Edison’s estranged apprentice

An eccentric genius who thought big with electricity

By Vaibhav Raghunandan
Last Updated: Sunday 28 June 2015

EdisonÔÇÖs estranged apprentice

imageIt was a cold morning in Colorado Springs in the US. Robert Angierre, a magician, walked towards the workshop of a scientist regarded as a disgrace to the scientists’ community. Entering an area cordoned off by an electric fence, he noticed bulbs lit all around in the snow. The bulbs were drawing electricity without any wires. The scene is from a 2006 movie, The Prestige, and the events depicted by the film’s director are not fictional. They almost accurately describe one of the most eccentric geniuses of the last century, Nikola Tesla.

In 2007, a group of scientists at MIT gained recognition because they wirelessly transmitted energy to a distance of 2.3 metres through air. This feat was first achieved more than a century ago. On July 4, 1899, Tesla was busy with his experiments to prove that Earth behaves as a conductor of electricity. The discovery of the electrical conductivity led him to another feat. Using Earth’s electromagnetic waves, Tesla transmitted signals over several kilometres and lit neon tubes connected to the ground. But to this day, nobody could figure out how he did it: two-thirds of the schematics existed only in Tesla’s brain.

imageTesla could fit into many stereotypes of eccentric scientists: he was celibate, hated round-shaped things and anything that was not divisible by three. The Croatia-born engineer spoke eight languages, developed technology that harnessed electricity for household use, and invented the electrical generator, FM radio, spark plug and the fluorescent light. He had a steel-trap photographic memory and could visualise even the most complex pieces of machinery.

Starting off as an apprentice to Thomas Alva Edison, he soon parted ways when Edison was pioneering electricity distribution with the direct current model. Tesla opposed the idea and eventually partnered with George Westinghouse to develop alternate current systems.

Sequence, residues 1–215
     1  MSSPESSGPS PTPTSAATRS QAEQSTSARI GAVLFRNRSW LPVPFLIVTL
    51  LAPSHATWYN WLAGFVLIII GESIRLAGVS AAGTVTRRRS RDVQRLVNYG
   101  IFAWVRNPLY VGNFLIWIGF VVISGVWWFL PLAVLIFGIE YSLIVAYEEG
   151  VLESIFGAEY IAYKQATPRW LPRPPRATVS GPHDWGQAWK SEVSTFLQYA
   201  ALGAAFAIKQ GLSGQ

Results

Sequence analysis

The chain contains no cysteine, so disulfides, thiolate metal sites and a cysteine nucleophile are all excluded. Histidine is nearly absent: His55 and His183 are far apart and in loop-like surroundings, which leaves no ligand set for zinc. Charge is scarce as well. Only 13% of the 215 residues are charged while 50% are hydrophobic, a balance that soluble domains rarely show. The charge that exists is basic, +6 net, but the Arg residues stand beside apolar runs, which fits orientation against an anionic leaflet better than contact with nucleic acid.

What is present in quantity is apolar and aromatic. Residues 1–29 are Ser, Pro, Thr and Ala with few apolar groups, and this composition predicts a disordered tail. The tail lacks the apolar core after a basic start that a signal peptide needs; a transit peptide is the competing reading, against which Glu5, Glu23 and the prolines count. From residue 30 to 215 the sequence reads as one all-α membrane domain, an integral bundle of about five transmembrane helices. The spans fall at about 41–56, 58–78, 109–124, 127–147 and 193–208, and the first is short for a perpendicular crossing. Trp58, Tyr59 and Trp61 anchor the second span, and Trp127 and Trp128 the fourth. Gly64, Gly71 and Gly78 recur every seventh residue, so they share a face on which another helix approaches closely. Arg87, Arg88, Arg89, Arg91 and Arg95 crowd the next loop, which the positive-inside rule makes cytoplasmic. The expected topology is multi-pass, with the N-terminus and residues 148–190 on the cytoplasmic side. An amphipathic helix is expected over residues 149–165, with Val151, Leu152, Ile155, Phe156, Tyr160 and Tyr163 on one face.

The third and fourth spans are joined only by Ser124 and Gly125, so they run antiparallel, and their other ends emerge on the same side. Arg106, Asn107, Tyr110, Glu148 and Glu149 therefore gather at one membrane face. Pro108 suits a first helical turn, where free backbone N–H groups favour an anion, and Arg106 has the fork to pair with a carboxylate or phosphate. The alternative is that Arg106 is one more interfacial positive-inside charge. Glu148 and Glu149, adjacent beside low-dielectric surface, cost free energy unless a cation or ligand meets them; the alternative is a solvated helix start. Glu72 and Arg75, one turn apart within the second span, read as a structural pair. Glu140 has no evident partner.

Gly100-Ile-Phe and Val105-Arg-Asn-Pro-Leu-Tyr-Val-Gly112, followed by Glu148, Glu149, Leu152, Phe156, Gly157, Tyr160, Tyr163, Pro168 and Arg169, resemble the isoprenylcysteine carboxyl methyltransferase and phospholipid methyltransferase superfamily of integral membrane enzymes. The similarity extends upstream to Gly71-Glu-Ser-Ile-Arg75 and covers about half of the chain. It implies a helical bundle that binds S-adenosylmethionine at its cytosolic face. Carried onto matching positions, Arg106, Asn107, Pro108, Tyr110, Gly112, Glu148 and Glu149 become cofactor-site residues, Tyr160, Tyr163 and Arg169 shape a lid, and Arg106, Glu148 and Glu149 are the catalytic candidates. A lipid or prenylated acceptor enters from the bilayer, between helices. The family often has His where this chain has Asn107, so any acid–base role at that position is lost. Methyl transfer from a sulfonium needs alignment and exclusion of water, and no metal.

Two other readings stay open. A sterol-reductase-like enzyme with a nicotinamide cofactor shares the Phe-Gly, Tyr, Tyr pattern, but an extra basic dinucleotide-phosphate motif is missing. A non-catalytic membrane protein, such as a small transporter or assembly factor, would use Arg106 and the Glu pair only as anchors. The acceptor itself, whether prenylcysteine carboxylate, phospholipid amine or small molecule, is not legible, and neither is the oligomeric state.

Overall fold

Tesla was also known for his showmanship. He presented his innovations to the public like an artform. The Tesla coil blasted electricity through the room while the terrified audience was constantly assured it was safe.

In the early 1900s, Tesla ordered the construction of the Wardenclyffe Tesla Tower, about 100 km from New York. The giant structure was designed to wirelessly transmit power over cities across the Atlantic. The tower has often been blamed for the 1908 Tunguska Event. Some scientists believed a test firing from the tower caused a meteoroid or a comet to fall. The celestial body fell in the Tunguska wastelands in central Russia, obliterating forests over several hundred kilometres. But nothing has ever been proven.

imageTowards the end of his life, Tesla got fascinated with the vision of light, both as a particle and a wave. This led to the idea of creating a “wall of light” by manipulating electromagnetic waves in a certain pattern. The mysterious wall of light would enable time, space, gravity and matter to be altered at will, and engendered an array of Tesla proposals. It was precisely this invention that The Prestige’s protagonist sought.

Tesla died alone in a hotel room aged 86. Like his life, the events that followed his death were also surreal. The FBI confiscated his belongings, allegedly searching for a weapon he had named the ‘peace ray’. No prototype was found. Tesla once predicted: “The household’s daily newspaper will be printed wirelessly in the home during the night.” We do not know if he was anticipating the Internet.

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  • 'The Prestige' was Fiction.

    'The Prestige' was Fiction. Tesla's lab was elsewhere. Tesla had the equivalent of a Bachelor's degree when he went to work for Edison: I'd not use the term 'apprentice'. In pondering Tesla as 'showman', one might be aware that there was a different 'style' of science. In the days before movies, TV, radio. Many scientists engaged in what would now appear as Showmanship. Education of the public, and a bit of self promotion were the norm... best

    Posted by: Anonymous | 10 years ago | Reply
  • Nikola Tesla was ethnically

    Nikola Tesla was ethnically Serbian and his father was a minister for the Serbian Orthodox Church.

    Posted by: Anonymous | 10 years ago | Reply
  • Tesla was incapable of

    Tesla was incapable of dealing with the physical world. He existed in the space between his ears. And he tried to changed the world so it resembled the one in his mind. Great men try to change the world because they are incapable or unwilling to alter their behavior.

    Increasingly, many of us sit alone staring at screens, while eating microwave dinners. We communicate without looking at each other face to face. Tesla enabled the electricity for this. Sounds like Tesla built our world to cater to his own agoraphobia. He was a rational genius when it comes to energy. But he did not understand human nature and that humans are emotional and irrational. His greatest failure was assuming that everyone could share his values.

    Posted by: Anonymous | 10 years ago | Reply